Brush, M., Matthews, T.J., Borges, P.A.V. & Harte, J. (2022) Land use change through the lens of macroecology: insights from Azorean arthropods and the maximum entropy theory of ecology. Ecography, 2022, e06141.
Dornelas, M et al. (2014) Assemblage time series reveal biodiversity change but not systematic loss. Science, 344, 296–299.
Fernández-Palacios, J.M., Kreft, H., Irl, S.D.H., Norder, S., Ah-Peng, C., Borges, P.A.V., Burns, K.C., de Nascimento, L., Meyer, J.-Y., Montes, E. & Drake, D.R. (2021) Scientists’ warning – the outstanding biodiversity of islands is in peril. Global Ecology and Conservation, 31, e01847.
Florencio, M. et al. (2021) Macaronesia as a fruitful arena for ecology, evolution, and conservation biology. Frontiers in Ecology and Evolution, 9, 718169.
Heinen, J.H., van Loon, E.E., Hansen, D.M. & Kissling, W.D. (2017) Extinction-driven changes in frugivore communities on oceanic islands. Ecography, 41, 1245-1255.
Matthews, T.J., Wayman, J.P., Cardoso, P., Sayol, F., Hume, J.P., Ulrich, W., Tobias, J.A., Soares, F.C., Thébaud, C., Martin, T.E. & Triantis, K.A. (2022) Threatened and extinct island endemic birds of the world: distribution, threats and functional diversity. Journal of Biogeography, 49, 1920-1940.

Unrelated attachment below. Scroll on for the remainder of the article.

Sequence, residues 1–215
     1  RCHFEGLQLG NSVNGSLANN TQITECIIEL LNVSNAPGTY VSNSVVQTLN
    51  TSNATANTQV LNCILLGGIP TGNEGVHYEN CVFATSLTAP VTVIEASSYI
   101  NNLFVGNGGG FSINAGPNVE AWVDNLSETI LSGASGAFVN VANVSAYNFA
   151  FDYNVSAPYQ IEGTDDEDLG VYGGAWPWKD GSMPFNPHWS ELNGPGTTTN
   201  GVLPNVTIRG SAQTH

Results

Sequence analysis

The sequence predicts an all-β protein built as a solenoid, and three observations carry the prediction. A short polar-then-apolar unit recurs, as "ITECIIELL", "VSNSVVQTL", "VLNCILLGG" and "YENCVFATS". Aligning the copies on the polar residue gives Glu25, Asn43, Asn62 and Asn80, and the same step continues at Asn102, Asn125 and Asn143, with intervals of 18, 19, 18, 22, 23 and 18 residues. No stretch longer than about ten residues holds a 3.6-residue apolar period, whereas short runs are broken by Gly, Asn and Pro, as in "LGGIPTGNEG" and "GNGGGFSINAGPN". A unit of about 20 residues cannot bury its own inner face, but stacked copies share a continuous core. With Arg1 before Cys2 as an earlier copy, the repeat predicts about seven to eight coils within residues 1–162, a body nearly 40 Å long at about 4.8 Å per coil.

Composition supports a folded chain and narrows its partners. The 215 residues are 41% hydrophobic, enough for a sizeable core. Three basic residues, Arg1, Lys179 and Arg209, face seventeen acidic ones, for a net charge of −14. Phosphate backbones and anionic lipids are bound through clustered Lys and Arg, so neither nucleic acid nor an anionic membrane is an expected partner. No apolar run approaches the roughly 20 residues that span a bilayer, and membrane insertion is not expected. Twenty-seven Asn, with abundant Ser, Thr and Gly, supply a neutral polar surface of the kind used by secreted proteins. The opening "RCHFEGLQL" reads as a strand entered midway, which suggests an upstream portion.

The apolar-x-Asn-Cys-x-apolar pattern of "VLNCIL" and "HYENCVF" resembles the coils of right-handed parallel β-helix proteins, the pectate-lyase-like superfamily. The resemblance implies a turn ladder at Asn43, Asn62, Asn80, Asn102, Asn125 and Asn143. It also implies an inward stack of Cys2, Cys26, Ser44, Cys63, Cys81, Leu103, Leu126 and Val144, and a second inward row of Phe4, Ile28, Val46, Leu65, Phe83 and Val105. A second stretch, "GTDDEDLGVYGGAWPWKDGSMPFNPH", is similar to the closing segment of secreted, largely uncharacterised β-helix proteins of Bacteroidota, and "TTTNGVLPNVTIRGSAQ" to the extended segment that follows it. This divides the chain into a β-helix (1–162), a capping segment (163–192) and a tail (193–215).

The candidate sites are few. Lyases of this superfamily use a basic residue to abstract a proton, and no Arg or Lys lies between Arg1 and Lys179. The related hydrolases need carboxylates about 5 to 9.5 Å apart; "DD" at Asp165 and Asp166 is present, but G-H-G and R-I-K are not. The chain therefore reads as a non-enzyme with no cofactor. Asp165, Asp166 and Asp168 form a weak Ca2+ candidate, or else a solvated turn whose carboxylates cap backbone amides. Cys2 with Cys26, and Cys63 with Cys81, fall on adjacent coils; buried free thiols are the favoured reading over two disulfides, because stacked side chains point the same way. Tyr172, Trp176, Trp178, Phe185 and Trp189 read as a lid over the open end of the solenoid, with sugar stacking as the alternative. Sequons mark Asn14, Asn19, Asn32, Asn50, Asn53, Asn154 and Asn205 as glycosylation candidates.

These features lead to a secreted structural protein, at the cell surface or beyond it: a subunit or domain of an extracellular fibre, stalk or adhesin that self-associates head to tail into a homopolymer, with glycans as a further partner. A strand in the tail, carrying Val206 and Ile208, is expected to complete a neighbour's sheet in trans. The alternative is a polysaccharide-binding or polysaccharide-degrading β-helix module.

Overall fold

Sayol, F., Cooke, R.S.C., Pigot, A.L., Blackburn, T.M., Tobias, J.A., Steinbauer, M.J., Antonelli, A. & Faurby, S. (2021) Loss of functional diversity through anthropogenic extinctions of island birds is not offset by biotic invasions Science Advances, 7, eabj5790.
Triantis, K.A., Rigal, F., Whittaker, R.J., Hume, J.P., Sheard, C., Poursanidis, D., Rolland, J., Sfenthourakis, S., Matthews, T.J., Thébaud, C. & Tobias, J.A. (2022) Deterministic assembly and anthropogenic extinctions drive convergence of island bird communities. Global Ecology and Biogeography, 31, 1741-1755.
Violle, C., Reich, P.B., Pacala, S.W., Enquist, B.J. & Kattge, J. (2014) The emergence and promise of functional biogeography. Proceedings of the National Academy of Sciences, 111, 13690-13696.
Whittaker, R.J., Fernández-Palacios, J.M., Matthews, T.J., Borregaard, M.K. & Triantis, K.A. (2017) Island biogeography: taking the long view of nature’s laboratories. Science, 357, eaam8326.